Tool researchers like you have been preparing for the hybrid challenge for some time now. Which ideas are currently attracting most interest among classic tool makers?
In terms of tool technology, a key challenge arises when users want to machine multiple materials in a component using just one tool – cost-effectively, of course. Typical examples include composite materials, such as, aluminium combined with titanium, fibre composites including metals and multilayer systems. These are used in the aerospace and automotive industries, and increasingly also in mechanical and plant engineering. There are different requirement profiles for the cutting edges of tools: The processing of “hardsoft” combinations including “zone transitions”, for example, is a particular challenge, I think.
How does this affect the three main tool interaction factors - cutting material, geometry and coating?
Researchers and developers must take full account of these factors and their interactions. If a change is made to the cutting material, for example, or if a new cutting-edge geometry is developed, the tool developers then also have to adapt the coating or coating technology. And they mustn't forget the cutting edge micro-geometry the characteristics in the transition zone right between the main and secondary cutting edges. This is particularly important for hybrid materials that are difficult to machine. The VDMA Precision Tools Association recently launched a research project in which GFE, together with partners from industry and research, is investigating these interactions in conjunction with cutting edge microgeometries which are optimally tailored for a particular machining process.
But digitalisation is also playing a growing role here. Using sensors and algorithms, it can facilitate the machining of coating materials through adapted cutting processes. How are the current research projects supporting the tool industry and its users?
As far as sensor technology is concerned, there have already been a number of revolutionary developments. This includes thin-film sensor technology which is suitable for use in tools, for example. A great deal of progress has been made in miniaturising parts while maintaining or even increasing performance. There have also been improvements in the ability to generate and transport data. But what’s important now is to identify the right data among the enormous amount of data which can be generated and to evaluate it effectively. Data analysis needs to be carried out not only by tool experts but also by measurement technology and electronics experts, including IT specialists. This will be a key aspect of future research projects. The early involvement of the actual end-users is also important.
You are currently working on the EU project “Dyna-Tool - Increasing Efficiency in Machining” together with international partners. Can the experience gained here also be transferred to hybrid materials?
Yes, because each material used in hybrid components has different hardness or structure properties. The sensor technology must be able to register or analyse these properties with sufficient accuracy in order to derive information which can be used in process design. This can help prevent phenomena, such as, unwanted vibrations from building up. Projects such as Dyna-Tool demonstrate how this can be avoided by intervening at a sufficiently early stage in the process. The focus was on investigating how sensors can be used in tools and tool holders in order to stabilise machining processes despite vibration.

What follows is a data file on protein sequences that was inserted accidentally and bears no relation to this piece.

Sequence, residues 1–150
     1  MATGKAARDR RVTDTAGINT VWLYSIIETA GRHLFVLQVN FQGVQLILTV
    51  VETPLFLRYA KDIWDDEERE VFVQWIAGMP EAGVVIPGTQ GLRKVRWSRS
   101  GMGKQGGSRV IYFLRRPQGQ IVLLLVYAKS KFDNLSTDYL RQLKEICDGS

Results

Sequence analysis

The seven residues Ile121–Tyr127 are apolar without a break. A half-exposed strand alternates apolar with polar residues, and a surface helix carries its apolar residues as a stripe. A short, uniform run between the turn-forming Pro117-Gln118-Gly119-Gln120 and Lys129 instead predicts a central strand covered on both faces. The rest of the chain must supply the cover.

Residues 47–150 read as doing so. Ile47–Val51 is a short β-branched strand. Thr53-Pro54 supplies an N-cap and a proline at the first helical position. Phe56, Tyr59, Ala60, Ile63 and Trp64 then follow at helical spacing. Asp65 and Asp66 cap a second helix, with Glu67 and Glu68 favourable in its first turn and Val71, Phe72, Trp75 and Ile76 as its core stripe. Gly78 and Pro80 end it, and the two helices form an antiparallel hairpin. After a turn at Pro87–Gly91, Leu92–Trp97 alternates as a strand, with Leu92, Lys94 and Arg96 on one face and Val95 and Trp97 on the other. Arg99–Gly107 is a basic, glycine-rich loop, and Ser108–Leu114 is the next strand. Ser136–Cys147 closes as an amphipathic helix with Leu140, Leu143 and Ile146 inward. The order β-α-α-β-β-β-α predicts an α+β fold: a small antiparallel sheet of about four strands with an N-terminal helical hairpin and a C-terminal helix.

But layered hybrid constructions are not only used for workpieces. Some tools are made this way, too, including some using Additive Manufacturing. How does 3D Printing affect the behaviour of these hybrid tools (elasticity, wear, vibration behaviour) during machining? What should users be aware of?
Here, of course, it’s important that the properties of hybrid or additive tools are at least as good as, if not better than, those of conventional tools. And this is always the case when additive processes are used to create formed elements or geometries that would otherwise not be possible. Lightweight construction is of particular relevance here, too, of course. At the Schmalkalden tool conference, we showcased large hybrid drills in the GFE experimental zone, for example. We’ve created a layeredconstruction traverse for large-diameter boring tools and have been able to significantly reduce the weight of the entire tool while maintaining the same proven stability through an ingenious arrangement of cavity structures inside the tool body. Besides the weight saving, further advantages are that the tools have a lower tendency to vibrate, especially at higher speeds, and there is an improvement in the quality of the bores as a result of smooth running.
All those interested can find out more about these and other projects at EMO Hannover and at the forums of the VDMA Precision Tools Association there: Which aspects – including those relating to hybrid materials – are you particularly interested in finding out more about in Hanover?
I’m particularly interested in hearing users’ practical experiences from different parts of the process chain. It would be good to hear what people – from the manufacturers of hybrid materials through to the end-users – have to say about all aspects of the process. I would also be interested in hearing about different uses of hybrid materials and components, including their impact on the energy and cost analysis of the manufacturing process.